Law and Singleton write that the problem of difference in multiple objects becomes one of relating objects together or holding them apart.33 To hold objects apart requires bringing one to presence while obscuring the other. A similar negotiation of ‘objects’ can be seen in the differential treatment of poultry and wild birds as disease vectors in bird flu management. When avian influenza first broke out in Việt Nam in 2003, control efforts focused on tracing the flight patterns of migratory birds as well as their interactions with poultry populations.34 When these interventions proved expensive, difficult, and unsubstantiated by scientific research, health workers developed new interventions that targeted farmers' behaviours.35 But the migrating birds did not entirely disappear from the disease ecologies in which avian flu exists. In a biosecurity workshop I attended, a Vietnamese health officer asked the FAO's chief HPAI veterinarian how to address the risk of wild birds. The veterinarian replied somewhat sarcastically, “This is a people-borne disease, even familiar and scary wild birds may need people to spread disease.”36 In this exchange the FAO specialist foregrounded poultry's relationships with humans over wild birds, which allowed him to locate the risks of bird flu transmission in people-dominated places.37 He further foregrounded human-dominated settings in his biosecurity audit form, which delineated transmission risks in commercial and backyard poultry establishments, markets, collection centers, and zoos. He assured us that, “uncontrollable spread may occur via wind, insects, rodents, and wildlife but it is relatively uncommon.38 In other words, in order to promote a health agenda premised on changing human behaviours, this specialist limited agency to humans. Nonhuman actors “may” make poultry vulnerable to disease, but human activity dominates the places where poultry diseases can be transmitted and controlled.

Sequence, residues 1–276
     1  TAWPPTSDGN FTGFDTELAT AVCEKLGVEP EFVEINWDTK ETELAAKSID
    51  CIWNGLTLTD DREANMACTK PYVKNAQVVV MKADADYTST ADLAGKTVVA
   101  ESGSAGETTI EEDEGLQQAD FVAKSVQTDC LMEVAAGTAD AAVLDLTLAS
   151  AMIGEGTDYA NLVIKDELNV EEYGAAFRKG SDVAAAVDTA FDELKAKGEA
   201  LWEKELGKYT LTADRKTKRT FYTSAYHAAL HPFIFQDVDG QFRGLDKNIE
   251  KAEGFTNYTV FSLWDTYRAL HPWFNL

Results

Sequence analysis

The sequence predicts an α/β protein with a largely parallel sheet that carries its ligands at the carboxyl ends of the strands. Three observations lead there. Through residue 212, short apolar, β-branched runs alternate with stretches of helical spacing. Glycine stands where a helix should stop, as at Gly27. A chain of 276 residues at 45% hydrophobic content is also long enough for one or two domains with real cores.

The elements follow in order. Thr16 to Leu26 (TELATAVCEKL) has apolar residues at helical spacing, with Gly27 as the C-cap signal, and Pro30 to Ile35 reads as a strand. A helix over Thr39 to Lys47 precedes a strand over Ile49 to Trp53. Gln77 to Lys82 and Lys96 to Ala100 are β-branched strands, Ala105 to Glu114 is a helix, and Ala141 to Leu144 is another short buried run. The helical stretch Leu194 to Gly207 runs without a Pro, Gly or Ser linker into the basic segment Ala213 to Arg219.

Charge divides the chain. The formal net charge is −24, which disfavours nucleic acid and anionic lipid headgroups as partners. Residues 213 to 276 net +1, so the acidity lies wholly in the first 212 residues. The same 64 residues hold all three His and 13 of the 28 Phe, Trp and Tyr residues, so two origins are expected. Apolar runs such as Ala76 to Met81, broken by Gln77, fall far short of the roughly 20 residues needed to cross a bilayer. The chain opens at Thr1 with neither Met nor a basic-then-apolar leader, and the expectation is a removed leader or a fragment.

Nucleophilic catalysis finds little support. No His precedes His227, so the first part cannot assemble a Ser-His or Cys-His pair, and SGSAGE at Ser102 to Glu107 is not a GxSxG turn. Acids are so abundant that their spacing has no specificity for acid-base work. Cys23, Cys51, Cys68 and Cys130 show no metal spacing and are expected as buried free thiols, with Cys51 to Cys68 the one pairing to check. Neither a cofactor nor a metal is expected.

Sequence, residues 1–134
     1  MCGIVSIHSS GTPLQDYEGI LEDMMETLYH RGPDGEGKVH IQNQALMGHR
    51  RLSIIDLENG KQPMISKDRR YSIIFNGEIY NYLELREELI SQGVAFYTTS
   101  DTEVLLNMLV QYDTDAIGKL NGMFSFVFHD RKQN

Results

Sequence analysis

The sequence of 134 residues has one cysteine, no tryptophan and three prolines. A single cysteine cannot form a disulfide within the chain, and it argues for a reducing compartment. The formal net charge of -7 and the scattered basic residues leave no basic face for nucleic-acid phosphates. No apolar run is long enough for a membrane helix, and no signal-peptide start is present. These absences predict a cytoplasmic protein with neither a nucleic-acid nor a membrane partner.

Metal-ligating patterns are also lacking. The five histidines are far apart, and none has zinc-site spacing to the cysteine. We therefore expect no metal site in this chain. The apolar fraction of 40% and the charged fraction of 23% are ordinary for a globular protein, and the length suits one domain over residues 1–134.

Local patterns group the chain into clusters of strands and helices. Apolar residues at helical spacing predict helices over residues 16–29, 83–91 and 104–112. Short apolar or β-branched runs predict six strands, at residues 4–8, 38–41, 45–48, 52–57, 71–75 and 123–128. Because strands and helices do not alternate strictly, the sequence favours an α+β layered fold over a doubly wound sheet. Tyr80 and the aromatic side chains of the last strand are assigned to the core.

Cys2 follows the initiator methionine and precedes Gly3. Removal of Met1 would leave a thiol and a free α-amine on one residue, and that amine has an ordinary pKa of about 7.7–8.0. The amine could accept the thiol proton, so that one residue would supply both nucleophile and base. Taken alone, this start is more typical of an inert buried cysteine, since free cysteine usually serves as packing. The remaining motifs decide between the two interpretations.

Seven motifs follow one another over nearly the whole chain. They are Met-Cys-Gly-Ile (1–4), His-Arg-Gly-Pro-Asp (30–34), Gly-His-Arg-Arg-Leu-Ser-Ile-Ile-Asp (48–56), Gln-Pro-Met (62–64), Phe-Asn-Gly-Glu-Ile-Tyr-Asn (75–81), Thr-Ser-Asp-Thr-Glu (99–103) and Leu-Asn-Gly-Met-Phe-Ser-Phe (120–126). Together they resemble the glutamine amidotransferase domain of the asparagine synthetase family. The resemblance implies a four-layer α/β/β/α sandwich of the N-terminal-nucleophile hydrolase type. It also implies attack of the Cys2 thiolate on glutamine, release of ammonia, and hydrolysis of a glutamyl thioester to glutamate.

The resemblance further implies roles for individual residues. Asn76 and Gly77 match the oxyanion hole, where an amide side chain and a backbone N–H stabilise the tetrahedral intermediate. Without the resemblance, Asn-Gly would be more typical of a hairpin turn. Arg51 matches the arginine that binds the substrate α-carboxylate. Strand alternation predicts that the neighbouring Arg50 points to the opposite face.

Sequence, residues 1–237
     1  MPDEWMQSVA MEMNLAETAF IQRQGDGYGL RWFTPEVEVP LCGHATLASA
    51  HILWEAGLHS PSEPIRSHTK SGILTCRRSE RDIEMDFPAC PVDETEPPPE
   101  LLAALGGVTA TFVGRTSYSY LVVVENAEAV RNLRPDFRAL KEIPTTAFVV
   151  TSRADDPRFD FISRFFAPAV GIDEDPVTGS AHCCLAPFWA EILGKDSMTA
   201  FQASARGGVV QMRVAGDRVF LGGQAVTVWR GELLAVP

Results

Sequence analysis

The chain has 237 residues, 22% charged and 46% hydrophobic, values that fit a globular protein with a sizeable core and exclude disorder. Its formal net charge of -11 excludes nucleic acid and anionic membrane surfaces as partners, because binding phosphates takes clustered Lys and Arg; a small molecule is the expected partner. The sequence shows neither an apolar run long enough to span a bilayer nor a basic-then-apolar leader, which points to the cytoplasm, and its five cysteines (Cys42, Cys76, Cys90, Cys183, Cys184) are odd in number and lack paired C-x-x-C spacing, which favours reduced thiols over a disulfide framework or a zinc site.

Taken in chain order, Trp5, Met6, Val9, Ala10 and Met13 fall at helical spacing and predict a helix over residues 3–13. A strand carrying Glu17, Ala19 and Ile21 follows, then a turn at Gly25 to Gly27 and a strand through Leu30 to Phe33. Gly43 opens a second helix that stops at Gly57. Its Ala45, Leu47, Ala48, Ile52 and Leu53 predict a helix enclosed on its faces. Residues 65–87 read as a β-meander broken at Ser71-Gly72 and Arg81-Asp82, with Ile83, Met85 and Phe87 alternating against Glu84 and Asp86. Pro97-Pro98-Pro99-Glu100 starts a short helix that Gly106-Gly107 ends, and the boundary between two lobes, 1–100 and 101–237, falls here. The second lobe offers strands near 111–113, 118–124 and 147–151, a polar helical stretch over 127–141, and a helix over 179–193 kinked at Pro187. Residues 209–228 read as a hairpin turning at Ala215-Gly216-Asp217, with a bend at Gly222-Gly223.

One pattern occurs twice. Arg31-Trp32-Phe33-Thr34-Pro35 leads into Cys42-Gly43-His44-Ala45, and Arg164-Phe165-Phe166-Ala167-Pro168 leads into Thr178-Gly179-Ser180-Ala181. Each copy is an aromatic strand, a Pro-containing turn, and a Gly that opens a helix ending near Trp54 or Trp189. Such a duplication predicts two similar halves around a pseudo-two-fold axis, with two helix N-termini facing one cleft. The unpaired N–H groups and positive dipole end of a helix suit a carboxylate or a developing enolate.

A second negotiation of place occurred when farmers like Mr. Liên expressed plans to reorient poultry coops to avoid the wind. Seasonal winds are a constant concern for poultry farmers, particularly in northern Việt Nam where the weather cools significantly in the winter. Farmers refer to these winds as gió bắc (northern winds), and engage in a number of practices to safeguard their poultry from bị gió (catching a wind). In the winter months, farmers have come to expect substantial poultry deaths. However, when farmers mentioned the influence of winds on poultry illness, health workers obscured poultry's encounters with these nonhuman forces, and downplayed the latter's ability to spread disease. Neil explained to one group of farmers that there are more outbreaks in the winter not because of the weather, but because there is more poultry in the country, as trade in poultry products intensifies for the Lunar New Year holiday.39 Another transnational veterinarian noted that, “It's not about winds but movement.” In dialogue with farmers who enact risky zoographies affected by seasonal weather patterns and nonhuman agents, health workers limited poultry to places driven by human-centered, commoditised market exchanges. Through their interactions, farmers and health workers grounded poultry in particular social relationships, multiplying these relationships in negotiation with one another, and in ways that cohered with their varied experiences and interests. Their conflicting risky zoographies reflect what Latour calls the “dynamic sociability” at the heart of spatial configurations.40